Artificial Gravity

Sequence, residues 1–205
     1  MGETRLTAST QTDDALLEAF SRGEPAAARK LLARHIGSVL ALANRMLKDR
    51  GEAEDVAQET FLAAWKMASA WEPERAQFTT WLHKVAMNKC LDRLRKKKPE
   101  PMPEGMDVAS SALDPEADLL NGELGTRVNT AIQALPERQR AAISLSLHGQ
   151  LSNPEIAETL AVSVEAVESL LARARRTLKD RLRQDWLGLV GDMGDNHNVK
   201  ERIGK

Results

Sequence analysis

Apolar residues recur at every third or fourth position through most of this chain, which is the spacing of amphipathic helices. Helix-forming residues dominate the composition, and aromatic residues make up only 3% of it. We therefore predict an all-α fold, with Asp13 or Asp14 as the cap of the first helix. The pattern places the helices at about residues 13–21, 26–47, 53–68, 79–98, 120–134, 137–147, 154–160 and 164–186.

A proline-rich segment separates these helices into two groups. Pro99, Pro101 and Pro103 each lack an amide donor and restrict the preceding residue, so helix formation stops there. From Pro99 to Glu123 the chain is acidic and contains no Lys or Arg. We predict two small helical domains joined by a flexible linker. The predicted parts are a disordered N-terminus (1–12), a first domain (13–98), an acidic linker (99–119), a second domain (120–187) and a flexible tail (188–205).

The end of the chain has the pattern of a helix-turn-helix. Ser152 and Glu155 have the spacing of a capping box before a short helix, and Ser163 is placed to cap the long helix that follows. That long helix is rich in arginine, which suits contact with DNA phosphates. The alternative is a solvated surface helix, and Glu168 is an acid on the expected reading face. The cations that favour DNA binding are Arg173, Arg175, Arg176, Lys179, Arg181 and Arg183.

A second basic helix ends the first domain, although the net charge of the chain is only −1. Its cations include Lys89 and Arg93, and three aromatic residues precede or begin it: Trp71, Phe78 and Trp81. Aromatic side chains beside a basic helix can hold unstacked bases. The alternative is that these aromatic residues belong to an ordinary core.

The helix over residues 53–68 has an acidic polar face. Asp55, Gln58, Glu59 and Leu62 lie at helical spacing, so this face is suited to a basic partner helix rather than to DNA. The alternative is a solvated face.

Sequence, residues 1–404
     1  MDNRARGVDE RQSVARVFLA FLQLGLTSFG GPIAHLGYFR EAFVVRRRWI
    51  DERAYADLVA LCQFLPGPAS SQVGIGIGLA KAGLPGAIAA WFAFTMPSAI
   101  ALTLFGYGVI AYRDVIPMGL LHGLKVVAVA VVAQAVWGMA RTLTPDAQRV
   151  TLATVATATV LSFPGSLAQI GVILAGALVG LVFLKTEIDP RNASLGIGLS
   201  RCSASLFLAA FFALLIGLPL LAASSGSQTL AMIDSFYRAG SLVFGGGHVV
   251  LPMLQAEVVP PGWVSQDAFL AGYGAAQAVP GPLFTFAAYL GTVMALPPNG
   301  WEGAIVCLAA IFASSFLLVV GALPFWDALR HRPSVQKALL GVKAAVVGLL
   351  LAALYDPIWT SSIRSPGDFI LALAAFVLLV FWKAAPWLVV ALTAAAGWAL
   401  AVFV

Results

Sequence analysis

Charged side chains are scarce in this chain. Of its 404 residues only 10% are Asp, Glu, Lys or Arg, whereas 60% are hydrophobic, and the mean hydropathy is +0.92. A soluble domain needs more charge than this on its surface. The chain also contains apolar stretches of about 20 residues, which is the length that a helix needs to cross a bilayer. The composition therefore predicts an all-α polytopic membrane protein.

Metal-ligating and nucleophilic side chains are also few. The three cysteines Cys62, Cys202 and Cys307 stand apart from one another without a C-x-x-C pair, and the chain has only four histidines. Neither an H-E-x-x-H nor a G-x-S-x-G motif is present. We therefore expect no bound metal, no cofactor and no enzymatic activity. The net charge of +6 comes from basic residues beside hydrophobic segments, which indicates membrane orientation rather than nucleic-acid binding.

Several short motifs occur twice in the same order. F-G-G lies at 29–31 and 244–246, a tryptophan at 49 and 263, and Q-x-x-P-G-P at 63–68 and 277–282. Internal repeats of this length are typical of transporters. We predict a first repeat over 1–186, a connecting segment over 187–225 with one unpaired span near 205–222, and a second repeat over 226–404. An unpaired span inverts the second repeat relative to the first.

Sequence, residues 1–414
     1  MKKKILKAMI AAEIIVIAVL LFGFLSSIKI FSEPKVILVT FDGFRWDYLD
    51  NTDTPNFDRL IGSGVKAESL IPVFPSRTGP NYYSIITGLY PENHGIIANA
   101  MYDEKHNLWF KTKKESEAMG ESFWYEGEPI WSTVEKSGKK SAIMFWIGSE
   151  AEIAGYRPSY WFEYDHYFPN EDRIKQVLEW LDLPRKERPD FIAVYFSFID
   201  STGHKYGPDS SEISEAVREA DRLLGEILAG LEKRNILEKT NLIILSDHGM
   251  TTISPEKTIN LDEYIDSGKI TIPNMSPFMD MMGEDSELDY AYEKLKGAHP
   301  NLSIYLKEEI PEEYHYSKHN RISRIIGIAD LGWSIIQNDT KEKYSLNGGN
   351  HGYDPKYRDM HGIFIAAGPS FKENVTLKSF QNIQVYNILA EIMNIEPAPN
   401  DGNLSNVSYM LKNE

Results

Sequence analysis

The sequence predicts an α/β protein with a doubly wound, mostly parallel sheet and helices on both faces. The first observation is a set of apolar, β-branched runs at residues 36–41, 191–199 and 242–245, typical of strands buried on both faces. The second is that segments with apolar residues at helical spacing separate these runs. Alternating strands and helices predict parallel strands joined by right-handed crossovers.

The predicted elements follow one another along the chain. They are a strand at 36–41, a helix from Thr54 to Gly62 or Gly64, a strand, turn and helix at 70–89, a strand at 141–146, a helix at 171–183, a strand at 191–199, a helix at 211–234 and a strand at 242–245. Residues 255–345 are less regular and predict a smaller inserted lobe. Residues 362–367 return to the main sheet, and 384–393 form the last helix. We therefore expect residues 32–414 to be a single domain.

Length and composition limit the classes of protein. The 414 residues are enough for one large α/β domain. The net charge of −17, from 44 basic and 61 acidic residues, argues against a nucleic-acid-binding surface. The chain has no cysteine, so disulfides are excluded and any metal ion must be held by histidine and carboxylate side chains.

Gravity. It’s what keeps us held to the surface of the Earth and provides a sense of up and down. When we venture into space and orbit the Earth, or some other world, the force of gravity precisely cancels out with the centrifugal force. The sudden and stark absence of any forces acting upon your body is known as weightlessness. Your body has literally entered a state of perpetual and stomach-churning free-fall. Most humans can adapt to this nausea after a few unpleasant hours, but many biological functions of our body are hardwired for gravity thanks to billions of years of evolution here on the Earth. the muscles used for standing posture and skeletal support are no longer used and thus atrophy losing up to 20% of their mass after a week. Astronauts on the International Space Station need to exercise for at least two hours every day to combat this muscle loss. But without gravity our bones also wither with astronauts losing 1 percent of their bone mass each month. The breakdown of bone within our body saturates our cells with calcium, leading to dangerous calcification of soft tissues. If we want to live in space for years or decades without severe medical interventions or genetic modification, some form of artificial gravity is going to be needed. In science fiction, artificial gravity is ubiquitous, mostly to save money on special effects. The explanation for this is usually something like gravity plating – a wholly fictional technology. But how could we do this for real? The simplest way to create artificial gravity in the real world is just to accelerate in a straight line. If you were inside a spacecraft that was not just moving but accelerating at 1g, your inertia – which is to say your resistance to motion – causes you to be pushed against the back wall with the same force as that which the Earth pulls you down right now as you watch this video. In fact, Einstein postulated that the effect is so similar that there is no experiment you could possibly do on board that spacecraft to distinguish between being in a gravitational field versus just accelerating. In other words, inertial mass and gravitational mass are equal, something famously known as the equivalence principle in general relativity. This sounds promising, but accelerating at 1g for months, years or decades would require engines with vastly greater sustainable thrust than any modern space vehicle. The N star ion thruster is probably the closest example we’ve ever built of such an engine. NASA’s Dawn spacecraft which visited Vesta and Ceres used three xenon ion thruster engines to sustain a record-breaking constant acceleration of just under 10 millionths of a G. It was an impressive technological feat but it is a long way of providing useful artificial gravity. Is there any other way of generating artificial gravity then? The only other proven physics to do this is rotation. When a car turns a corner you feel yourself pulled to the opposite side – that’s the centrifugal force. Another example is a fighter pilot pulling a hard turn causing a centrifugal force several times that of Earth’s gravity, or several G, so strong in fact that it can cause a human to black out. These forces are what physicists call fictional. Like the case of linear acceleration, they are just the products of our inertia. They are not fundamental like electromagnetism, for example. Your body’s matter will not change velocity unless acted upon by a force and so if the aircraft around you moves to one side you will not because of inertia, and so you find yourself slammed into the wall. But what if the wall wasn’t a wall, what if it was the floor? Take a giant merry-go-round and spin it fast enough and the occupants would feel pushed against the interior wall. If you did this in orbit, where there are no other net forces acting, that centrifugal force to the wall would mimic gravity. You could stand on the wall, feeling the same downward force but Earthlings enjoy. The idea of a spinning habitat in space is arguably the most plausible way in which humanity might mimic gravity. It’s an old idea too, toyed with in fictional tales such as Rendezvous with Rama, Babylon 5, Interstellar and The Expanse. There are quite a few different proposed concepts for achieving this with real-world physics but today we’ll focus on two foundational concepts that have been the most influential – the O’Neill Cylinder and the Stanford Torus. We’ll start with a cylinder concept, proposed by Princeton physicist Gerard O’Neill in his 1976 book, called The High Frontier Human Colonies in Space, O’Neill laid out a strategy for the colonization of space through asteroid and lunar mining, which included the construction of a five mile diameter spinning cylinder with a length of up to 20 miles. The inner wall of the cylinder would serve as the floor for the inhabitants providing up to 300 square miles of livable area – this is about the same land area as New York’s five boroughs. O’Neill wasn’t afraid to dream big describing a habitat for millions of people with a total mass of several billion tons. Today it costs about twenty thousand dollars per kilo to launch into low-Earth orbit, which means that the dry mass of the cylinder would cost about a hundred thousand trillion dollars in launch costs alone. That’s about a thousand times the world’s current GDP. A more realistic plan would be to build most of the habitat in space through lunar or asteroid mining facilities, which of course necessitates that those industries exist firs. Even so, a space-based construct of this scale would be so expensive that likely only the very wealthiest members of society could afford to live above the clouds. You would notice a few things that are quite different on board. Tilt your head up and you could see the curvature of the cylinder and even see your cohabitants hanging upside down above you. Air pressure and gravity might be reduced compared to that of the Earth, in order to save upon the cost of spinning of the cylinder and material strength for the walls. And the artificial gravity generated by rotation would depend on your altitude, as you ascend towards the slanders rotational and the gravity would drop off until eventually reaching zero, perhaps giving you the chance to enjoy low gravity sports near the axis. The Stanford Torus was the product of a NASA sponsored summer workshop held at Stanford University in 1975 around about the same time that O’Neill published his book on the cylinder concept, indeed O’Neil was the technical director of the Stanford study too. “This is torus the concept that has evolved from the work of these teams of scientists and engineers. They believe the huge space colony could be built before the year 2000.” The torus is again a spinning structure to give the artificial gravity needed for comfortable living. Unlike the cylinder only about 1/2 of the interior wall is now usable land. This could be seen as an advantage since now you have a potentially natural-looking sky, rather than a mind-bending landscape of the cylinder imposes. The diameter of the torus is not grossly different from the cylinder and about one kilometer with an inner tube diameter of about a hundred meters or so. This gives a living area of about one third of that of Hell’s Kitchen, certainly far smaller than that of the cylinder. But the smaller design saves on materials, coming in at about 100 times less mass. Compared to the O’Neill Cylinder, this would decrease the overall cast by an order of magnitude, but it would raise the cost per square foot by about the same factor. Living on board one might enjoy joking a couple of laps of the three-mile rim or staring out to the warped horizon at your neighbors down the torus. When you need supplies you might venture down the torus spokes to a central hub which experiences far weaker centrifugal forces enabling low gravity manufacturing or easy docking with supply ships. When we retrospectively look at these designs they sadly remain as fantastical today as they did during their inception in the 1970s. Although we have access to better materials and reduced launch casts that sheer size of these structures means that they are far beyond our economic capabilities, or indeed our collective will in the foreseeable future. So why are both of these structures so large? Could we build a much smaller rotating structure today, enough for a few astronauts maybe – just to demonstrate a working example of artificial gravity. Putting aside the issue of shape, cylinder or torus, an architect has two basic dials that they can control in designing a centrifugal artificial gravity structure these are the rate of rotation, omega, and the radius of rotation, R. Clearly, to reduced costs, we would like to use the smallest R possible since surface area, and thus cost, should scale roughly linearly with this term. As we make R smaller we need to spin the habitat faster in order to recreate the required gravity. This is because the centripetal acceleration equals R multiplied by omega squared, thus making the habitat 4 times smaller in diameter requires a spin rate twice as fast. Even ignoring the effect on human occupants rapid spin rates are generally non-desirable, since they make docking with the station more challenging and require more energy to enter and exit the rotational frame. This raises the possibility of humans living in reduced gravity, perhaps equal to that of Mars, or even the Moon. Research by Harris et at have shown that accelerations below lunar, about 1/6 of a G, make it difficult for humans to have a sense of up and down and remain balanced, so this is likely to be a good lower limit. On the other side, anything above 1G is generally uncomfortable for humans with 4G leading to complete blackout for example – so putting these together gives us the following comfort zone for possible combinations of R and omega. Although a small rotational radius reduces the costs it also diminishes the usable living space and even head space onboard. Clearly, radii a less than typical human heights would be a poor choice causing the inhabitants to constantly crouch and experienced no downward force in their heads but strong forces at their feet. In other words they’d experience a tidal force of 1G. There isn’t much research about how much tidal acceleration humans find comfortable but a reasonable guess might be an order of magnitude less tidal acceleration than centripetal, which would constrain our to be at least 17 meters for average human height. A 17 meter radius habitat rotating a very fast rates would indeed mimic Earth-like gravity if the occupants were completely stationary inside, but any movement inside and they would feel an additional force that we do not notice here on the Earth – the Coriolis effect. Artificial gravity of a centrifuge is not the same as that of linear acceleration, recall that Einstein argued that linear acceleration is indistinguishable from gravitational acceleration but this is not true for a centrifuge. There is no equivalence principle here and the occupants of an O’Neill cylinder, or Stanford Torus, could indeed design experiments to realize this. The acceleration felt by a crew equals the following, where the first tterm is the centripetal acceleration upon the crew, and the second term is the Coriolis acceleration and that last titerm there is linear acceleration. If the station isn’t linearly accelerating then we just have those first two terms. If you are perfectly stationary r dot, which is velocity, goes to zero and thus you indeed experience a perfect reproduction of gravity. But any movement – r dot – in a direction perpendicular to the rotation vector, described by omega here, will cause this second term to depart from zero and thus you would feel an acceleration normal to both of those ingredient vectors. That’s the Coriolis effect. Like the centrifugal force, this is what physicists would refer to as a fictional force – purely a product of living in a rotating frame of reference. Imagine a cannonball floating around the center of a rotating O’Neill Cylinder. Let’s give it a slight push so it starts to move down towards the edge of the cylinder. If we were watching this happen from the outside of the cylinder, through a window say, it would seem to travel in a straight line – which of course makes perfect sense. But now consider the same motion from the perspective of a person on the inner surface of the cylinder from their perspective the cannonball does not travel in a straight line but rather curves. That is purely a result of their rotating frame of reference though, and that curving is caused by the Coriolis effect. This effect even plays out here on Earth, affecting the path of winds in its spinning atmosphere or affecting the path of a thrown ball on a merry-go-round. The Coriolis effect actually has two different components on the inhabitants of a rotating cylinder or torus. The first is what feels like an apparent change in downward surface gravity, the vertical Coriolis if you will, and the second is a tipping effect and these deserve separate discussions. The direction of the Coriolis acceleration depends on the direction in which you move and the direction of the rotational axis, which is presumably fixed. More specifically, the Coriolis acceleration equals the cross-product of your velocity vector and the habitat’s rotation vector, meaning that it always pushes in a direction perpendicular to both vectors. So what does this mean? Well consider inside the habitat you have three directions of possible motion. If you move along the same direction as the rotation axis you would feel no Coriolis effect at all. So traveling hundreds of meters from one end of an O’Neill cylinder to the other is perfectly safe. For the Stanford torus case, this means that walking to either side of the torus corridor admittedly a smaller distance has zero Coriolis. This leaves us with two other directions that must experience Coriolis – one radial and one tangential. The tangential direction is probably the least concerning and leads to an apparent change in downward gravity. For example, if you walk along the O’Neill cylinder in a prograde sense, you effectively increase your overall rate of rotation, pushing you down harder into the floor and making you feel heavier. Walking the retrograde does the opposite and causes you to lose weight. In the case of the Stanford torus, this change in gravity happens when traveling along the three mile circumference instead. Now if we want to downsize these designs the question becomes how much change in surface gravity is comfortable. Research by Neste et al. in 2014 on human subjects show that people are not even able to perceive vertical changes in acceleration less than about 5% of surface gravity. The maximum tolerance is less well studied but certainly for a 1G system a 25% increase in gravity would start to become uncomfortable, based on centrifuge experiments by Cohen et al. If we take this as a maximum threshold, it leads to the following modified comfort zone when choosing R and omega. With motion along the rotational axis and tangential direction discussed, let’s finally turn to the issue of radial motion. In both the cylinder and torus, or indeed any centrifugal system for artificial gravity, this equates to the act of jumping up and down or equivalently ascending and descending to different decks. During these actions there is a slight change in the centripetal force itself, but by far the most destabilizing aspect for human occupants would be a tipping effect caused by the Coriolis acceleration. Dr Theodore Hall developed a nice way to visualize this by imagining dropping or throwing a ball vertically rather than landing at your feet it would curve to the side. In extreme cases, one can even throw a ball behind you and catch it in front as it whips around due to the Coriolis. This tipping acceleration has the effect of creating a perceived incline in the floor during vertical motion. A strong enough tip could cause you to stumble over while standing up or climbing ladders. A simple way to deal with this is to have a single deck with no ladders or staircases. Of course efficient use of space might demand the inclusion of multiple decks, here then elevators or carefully designed ladders for ascent and descent could be designed for this environment. Even so astronauts would likely need to be trained to stand up slowly when getting up. Perceived inclines of an 8% grade or higher would exceed the maximum slope of most ramps here on Earth. If astronauts stand up no faster than 1 foot per second this would place the following limit in our design specifications of a habitat which further constrains our allowed comfort zone. Coriolis isn’t just a problem for climbing ladders or standing up, it affects your balance even by turning your head from side to side. When you do this the inertia of the vestibular fluid inside your inner ear causes a slight delay between the motion of your head and the fluid within it. The fluid is then pushed back into place by pressure causing movement of sensory hair cells within the ear. Now if we do this on board a rotating spacecraft moving your head in one direction would lead to an increased downward force versus the other. That would slightly change the distribution of fluid inside the semicircular canals. This differential gravity may confuse our vestibular system and create a sense of nausea and sickness. The fluid itself also undergoes a small amount of vertical motion and thus would be pushed to one side by the tipping Coriolis effect. This raises the question as to how fast a rotation can we cope with before this becomes a problem and occupants experience nausea. In most proposals of rotating habitats, it is these effects of the Coriolis on the vestibular system – sometimes called canal sickness – which most strongly constrain the engineering design. These studies usually cite experiments on human subjects conducted here on Earth using slowly rotating rooms. A variety of studies come to agreement that at rotation rates below one or two revolutions per minute, subjects are able to complete complex tasks over prolonged periods. But above this spin rate, it takes humans days to adapt and beyond six rpm, people struggle to ever adapt. These experiments guided the design of the Stanford torus which aims to rotate at one revolution per minute in order to avoid canal sickness. But to recreate 1G of centrifugal force at just one rpm demands a very large radius almost a kilometer. Using this one rpm or slower constraint we can see that the comfort zone is greatly diminished and now it becomes clear why previously proposed rotational habitats need to be so vast and thus expensive. But it’s important to remember that these experiments do not recreate the environment of a space station because they cannot remove the Earth’s gravity. Typically the rotation chamber is oriented such that the spin axis is aligned with the Earth’s gravitational field lines the rotation rates are slow enough that the centripetal force is small and your sense of down comes from the Earth’s gravity – not the centrifuge itself. This change in orientation, chosen in order to accommodate the Earth’s gravity, means that the Coriolis acceleration act in perpendicular directions to that experienced by the crew of a rotating spacecraft. So imagine walking around the floor or moving your head from side to side both of which are lateral motions. In an O’Neill cylinder, the Coriolis accelerations act up and down during these activities, slightly affecting the apparent strength of gravity. In contrast for the rotation chambers used on Earth those same movements lead to a tipping Coriolis acceleration, trying to knock you over to one side. A study by Graybiel et al. using this exact set up finds that at 10 rpm even experienced test pilots are not able to adapt. At this rotation rate, walking across the room causes a tipping Coriolis acceleration of 0.3 G, making you feel like you’re walking a 30 percent grade slope. What’s more if the rotation chamber subjects jump up and down or stand up sharply, they would feel no Coriolis effect at all because that is oriented with the centrifuges rotation axis. This is again in stark contrast to the case of a rotational habitat in space. In conclusion the Earth-based rotation chamber experiments may be simulating a harsher environment than that experienced by our prospective astronauts, or indeed at the very least a very different environment. Simple lateral motions of the head and body should not result in tipping forces but this is generally what is happening in these types of experiments. This is important because in comparing lateral and vertical accelerations Nestia et al. found that humans have a higher sensitivity to horizontal accelerations than vertical ones. So these slow rotation room experiments are certainly worthwhile, but an upper safety limit of 6 rpm may be overly conservative this is very important because if humans can tolerate Coriolis accelerations at rotation rates of 10 rpm or higher then Coriolis forces no longer become a design limiting factor and much smaller feasible artificial gravity systems could be conceived. For these reasons let’s be optimistic and assume that humans can plausibly cope with 6 rpm environments which gives us our final comfort zone as depicted here. Let us finally turn to the question of shape and ask whether aside from the cylinder or torus could there be opportunities to further optimize our astronaut comfort levels at small rotational radii. Recall that when astronauts move along the rotational axis they experience no Coriolis effect accordingly one might be tempted to design a train like carriage hanging off a tether connected to a counterweight. As the carriage spins the occupants are pushed to the floor in their quasi 1-dimensional habitat simulating gravity. Such a design aims to provide the least exposure to Coriolis accelerations. But Coriolis is not the only thing we need to worry about in designing a safe environment. If this train were too long and thus massive the rotation axis is no longer the primary axis of rotation but instead becomes the intermediate axis. Rotation about such an axis is unstable and subject of violent tumbling as demonstrated on board the ISS with this T-handle experiment. During this tumbling motion the occupants would be thrown about the habitat in a clearly unacceptable manner. Tumbling can also occur for O’Neill cylinders. A cylinder has two principal axes of rotation – one along the length of the cylinder shown here in blue and another perpendicular to the ends shown here in red. O’Neill rotates his cylinder about the blue axis but that’s actually the smaller principal axis of rotation. Any slight disturbance to the distribution of mass inside the cylinder such as people moving around inside could lead to tumbling due to the rotational instability imposed. One could imagine pumping water around the cylinder to redistribute mass accordingly using thrusters or reaction wheels to correct for any perturbations or even using a second cylinder next door which counter rotates and that’s actually the idea that O’Neill originally envisaged. Finally, it’s worth noting that for the Stanford torus, things are much simpler this rotation actually occurs now around the primary axis and thus the structure should be far more stable. Could we see a demonstration of centrifugal artificial gravity in the near term? The ISS offers perhaps our best hope being a permanent station for space experiments. In 2011, Mark Holdeman and Edward Henderson proposed an ISS demonstration of a centrifuge as part of their grander plan for a space station called Nautilus X. A small rotating torus would be attached to the ISS recreating partial gravity at an estimated cost of 100 million dollars. Sadly this concept went no further than the initial drawings though. A few years prior in 2005 Kirk Sorensen argued that the simplest path would be a habitat attached to a more massive counterweight via a tether spinning sufficiently fast to recreate artificial gravity in the lower mass object. Sorensen pointed out that by making the tether retractable the gravity on board could be controlled at will much like how an ice skater can extend his or her legs to control their rate of spin. The habitat itself could perhaps be something like the NASA trans hab concept with several decks and a higher decks featuring weaker artificial gravity. This is about where things stand with no concrete plans for a space-based artificial gravity experiment on the horizon. Long term human presence in space environments will at some point need to solve this problem either through engineering or biological solutions or perhaps a combination of the two. Let me know down below what kind of design you are most excited about to simulate gravity and whether you think this should be a priority for NASA and other space agencies in the near future. Thank you for taking the time to watch this slightly different video from us here at the Cool Worlds Channel. Let me know if you like these styles of videos and as always thank you for watching, stay thoughtful and stay curious.